In loving memory
Ed’s note: Nineteen years ago, on 2 February 1996, then GUIDEPOST Social Editor Jean Allen, who passed away in September 2014, featured Ward Wallace in her column “Who’s Who, Where and Why.” The article sums up Ward beautifully and as a tribute to him we are reprinting it here.
One of the most colorful personalities on the GUIDEPOST staff is Ward Wallace – a contributor, columnist and former Editor of the magazine.
Born in Brooklyn, New York, he attended Hofstra College [now University] on Long Island, where he received his BA degree in Journalism. Always an enthusiastic sportsman, he was Captain of the Wrestling Team at Hofstra and a member of the baseball team.
He went into the U.S. Marine Corps as a volunteer and served for four years as an officer. On return to civilian life he joined Benton and Bowles advertising agency and among other activities, he was Public Relations Account Executive for the Seattle World’s Fair held in 1962.
His excellent work at Seattle resulted in his being called to be a member of the Kelly Nason team working on the Spanish Pavilion at the New York World’s Fair of 1964-65. While he was Account Executive there, he met his future wife, Conchita. “I was her boss then, but I have never been since,” he says.
When he was named Public Relations Director of the Sotogrande golf and tennis complex in southern Spain, he spoke no Spanish, but his wife Conchita, who was born in Cuba, acted as his secretary and interpreter. He soon learned the lingo and no one has been able to stop him since.
He handled Communications and was Tournament Director of La Manga golf complex and during that time he organized five Spanish Open golf tournaments and four International Pro-Am tournaments. Subsequently he returned to Sotogrande as International Marketing Director and was responsible for the rest of Spain as well. He later resumed his general Public Relations activities.
As a young man in Spain he had a fling at being a bullfighter and was known as “El Niño de Manhattan,” but his wife put her foot down on that activity after a young cow knocked him down, leaving her footprint on his jacket – the cow, not his wife.
Both colleagues and GUIDEPOST readers seem in complete agreement that Ward’s wonderful sense of humor and his fun-loving ways make him an excellent companion and writer.
DAN SAYS . . .
I first met Ward after we published an article on Sotogrande of which he was public relations chief executive. He came to Madrid and we became fast friends. In 1970 he became the managing editor of Guidepost. He was a very good editor, indeed, with a great sense of humor and we spent many hours together.
Even after he went on to become sales manager of La Manga Campo de Golf we still kept in touch and he continued to write many humorous articles for Guidepost.
We will sorely miss our great friend and colleague.
WARD ON INCREDIBLE WARD
In his autobiographical Confessions of a Name-Dropping Junkie (Hollis Books, 1999) Ward drew on a lifetime of personal and professional experiences to turn name-dropping convincingly into a noble occupation.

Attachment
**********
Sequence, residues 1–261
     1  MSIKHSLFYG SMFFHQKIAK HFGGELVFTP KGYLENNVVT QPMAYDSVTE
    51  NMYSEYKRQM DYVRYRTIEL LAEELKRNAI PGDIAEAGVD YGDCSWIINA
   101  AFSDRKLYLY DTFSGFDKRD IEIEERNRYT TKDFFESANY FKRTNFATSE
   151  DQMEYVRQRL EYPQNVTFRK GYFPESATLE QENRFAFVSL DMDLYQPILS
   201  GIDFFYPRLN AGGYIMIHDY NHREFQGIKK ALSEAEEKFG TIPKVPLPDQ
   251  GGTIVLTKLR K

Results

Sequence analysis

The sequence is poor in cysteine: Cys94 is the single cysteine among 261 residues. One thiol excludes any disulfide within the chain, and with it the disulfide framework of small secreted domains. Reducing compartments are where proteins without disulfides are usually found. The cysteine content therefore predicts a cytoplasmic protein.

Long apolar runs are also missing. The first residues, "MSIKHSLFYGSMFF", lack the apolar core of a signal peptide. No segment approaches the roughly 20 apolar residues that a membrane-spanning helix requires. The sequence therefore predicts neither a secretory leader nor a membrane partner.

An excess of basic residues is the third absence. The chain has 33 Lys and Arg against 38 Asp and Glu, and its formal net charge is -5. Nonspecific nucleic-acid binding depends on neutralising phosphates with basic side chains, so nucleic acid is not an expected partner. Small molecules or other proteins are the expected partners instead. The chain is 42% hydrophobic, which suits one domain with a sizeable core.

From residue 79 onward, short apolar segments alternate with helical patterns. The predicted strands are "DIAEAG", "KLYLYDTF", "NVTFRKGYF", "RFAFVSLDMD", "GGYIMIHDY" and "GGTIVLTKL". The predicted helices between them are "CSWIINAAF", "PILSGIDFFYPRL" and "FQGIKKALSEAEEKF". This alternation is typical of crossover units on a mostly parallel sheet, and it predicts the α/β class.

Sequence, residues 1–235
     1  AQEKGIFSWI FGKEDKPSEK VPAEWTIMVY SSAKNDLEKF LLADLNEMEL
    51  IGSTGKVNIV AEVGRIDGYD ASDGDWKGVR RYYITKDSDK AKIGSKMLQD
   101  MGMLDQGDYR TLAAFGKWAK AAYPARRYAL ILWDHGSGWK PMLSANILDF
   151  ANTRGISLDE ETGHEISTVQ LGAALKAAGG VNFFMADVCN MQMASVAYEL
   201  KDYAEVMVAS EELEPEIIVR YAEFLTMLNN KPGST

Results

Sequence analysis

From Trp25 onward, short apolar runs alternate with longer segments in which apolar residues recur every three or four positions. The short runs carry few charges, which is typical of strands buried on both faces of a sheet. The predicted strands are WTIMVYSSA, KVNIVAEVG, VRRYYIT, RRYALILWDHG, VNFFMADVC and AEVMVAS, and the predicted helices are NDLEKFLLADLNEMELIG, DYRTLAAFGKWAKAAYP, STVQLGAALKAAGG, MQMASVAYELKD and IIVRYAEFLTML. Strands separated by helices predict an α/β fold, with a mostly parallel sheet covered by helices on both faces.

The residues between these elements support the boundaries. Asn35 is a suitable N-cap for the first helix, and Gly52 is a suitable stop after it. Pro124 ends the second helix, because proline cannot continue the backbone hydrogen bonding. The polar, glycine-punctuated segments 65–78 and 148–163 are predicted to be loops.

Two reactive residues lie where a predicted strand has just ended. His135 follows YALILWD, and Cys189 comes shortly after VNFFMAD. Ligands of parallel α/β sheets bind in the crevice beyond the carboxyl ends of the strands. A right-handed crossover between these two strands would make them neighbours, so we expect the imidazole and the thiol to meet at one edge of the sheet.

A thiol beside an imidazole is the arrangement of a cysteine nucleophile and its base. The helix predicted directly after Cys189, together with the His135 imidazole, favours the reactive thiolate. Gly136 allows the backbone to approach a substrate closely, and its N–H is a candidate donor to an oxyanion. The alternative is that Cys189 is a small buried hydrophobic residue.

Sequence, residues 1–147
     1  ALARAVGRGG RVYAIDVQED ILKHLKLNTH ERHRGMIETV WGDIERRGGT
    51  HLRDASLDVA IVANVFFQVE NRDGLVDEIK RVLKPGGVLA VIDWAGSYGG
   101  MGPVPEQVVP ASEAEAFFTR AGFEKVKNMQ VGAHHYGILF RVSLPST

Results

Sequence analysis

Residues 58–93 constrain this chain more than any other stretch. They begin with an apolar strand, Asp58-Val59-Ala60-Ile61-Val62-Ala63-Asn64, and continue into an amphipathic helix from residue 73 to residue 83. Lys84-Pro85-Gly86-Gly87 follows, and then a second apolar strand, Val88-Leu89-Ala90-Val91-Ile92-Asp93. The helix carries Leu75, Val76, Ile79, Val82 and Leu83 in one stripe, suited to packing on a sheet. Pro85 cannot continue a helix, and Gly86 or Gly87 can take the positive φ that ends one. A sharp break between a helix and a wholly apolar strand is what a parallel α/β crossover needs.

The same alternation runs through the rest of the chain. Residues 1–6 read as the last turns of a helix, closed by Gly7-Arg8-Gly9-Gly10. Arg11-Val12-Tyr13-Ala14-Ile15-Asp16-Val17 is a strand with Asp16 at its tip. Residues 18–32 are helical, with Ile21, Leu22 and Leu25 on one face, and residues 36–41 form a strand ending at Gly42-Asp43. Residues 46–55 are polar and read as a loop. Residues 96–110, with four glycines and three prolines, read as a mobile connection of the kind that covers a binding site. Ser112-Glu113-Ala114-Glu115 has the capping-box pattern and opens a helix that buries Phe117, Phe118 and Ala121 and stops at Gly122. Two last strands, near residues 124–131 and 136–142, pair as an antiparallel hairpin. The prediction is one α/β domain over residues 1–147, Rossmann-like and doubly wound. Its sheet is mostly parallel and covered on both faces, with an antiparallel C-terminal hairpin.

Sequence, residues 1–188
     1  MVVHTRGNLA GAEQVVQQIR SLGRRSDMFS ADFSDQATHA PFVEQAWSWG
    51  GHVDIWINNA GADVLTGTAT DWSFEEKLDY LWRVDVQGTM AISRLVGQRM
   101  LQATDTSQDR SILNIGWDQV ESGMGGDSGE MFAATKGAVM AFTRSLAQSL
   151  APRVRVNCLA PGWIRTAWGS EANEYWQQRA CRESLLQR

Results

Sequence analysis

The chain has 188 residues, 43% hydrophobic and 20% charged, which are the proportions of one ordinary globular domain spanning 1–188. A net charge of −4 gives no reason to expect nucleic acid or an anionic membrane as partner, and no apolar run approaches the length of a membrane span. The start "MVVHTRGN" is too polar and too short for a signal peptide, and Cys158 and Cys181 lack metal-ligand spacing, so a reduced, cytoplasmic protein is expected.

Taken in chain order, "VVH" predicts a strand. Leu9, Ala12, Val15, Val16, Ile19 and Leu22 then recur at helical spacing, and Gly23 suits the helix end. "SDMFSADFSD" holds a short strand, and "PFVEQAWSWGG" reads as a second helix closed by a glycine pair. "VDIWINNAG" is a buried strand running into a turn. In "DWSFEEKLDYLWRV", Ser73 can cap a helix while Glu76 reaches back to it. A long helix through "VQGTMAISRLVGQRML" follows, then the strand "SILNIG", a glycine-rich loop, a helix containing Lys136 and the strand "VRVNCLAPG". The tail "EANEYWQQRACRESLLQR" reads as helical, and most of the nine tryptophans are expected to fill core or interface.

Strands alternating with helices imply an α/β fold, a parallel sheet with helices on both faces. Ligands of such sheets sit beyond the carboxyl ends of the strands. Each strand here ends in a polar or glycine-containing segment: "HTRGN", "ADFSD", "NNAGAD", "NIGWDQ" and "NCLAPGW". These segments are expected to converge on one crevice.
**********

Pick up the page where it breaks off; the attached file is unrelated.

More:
Ward lived in Spain with his Cuban wife Conchita and their children. In his last years his life was replete with the exciting memories of bullfighting, golf, tennis and writing to Bill Clinton. On the more active side of it, Ward, like the true friend and colleague that he was, would attend all the Guidepost gatherings that his health would let him, whether packed parties or just lunches à deux with our peerless publisher Dan Lowell who was an unfailing friend to Ward.
Here are some of the anecdotes of the beloved name-dropping junkie that appear on the back cover of his book.
• had dinner at famed Beverly Hills restaurant, Romanoff’s, in the company of legendary owner “Prince Mike” Romanoff himself.
• was forced to bow out of a dinner with Aristotle Onassis and Maria Callas on board the Greek magnate’s yacht, the “Christina”
• converted Manhattan’s Fifth Avenue, Broadway and 42nd Streets into a Pony Express route for a day
• once risked a knockout at the hands of then world heavyweight champion Joe Frazer
• was Tournament Director for the Spanish Open golf championship when Arnold Palmer, one of the greatest pro golf players for all time, won it in 1975
• partnered Tony Jacklin for one round in a Pro-Am golf tournament and nearly caused the former British and US Open champion to give up the game
• was referred to as the bullfighting “El Niño de Manhattan” by ABC, Spain’s oldest daily newspaper
• had a brief pen pal relationship with Bill Clinton
• had participated as an executive in three World’s Fairs: Seattle, New York, and Seville (1962, 1964, 1992)
I would just like to add as a personal note that I’ll always be very thankful for all the unselfish support Ward gave me when I was starting at Guidepost.
We kept looking for you at the last Guidepost Christmas party, Ward. But you didn’t show up.
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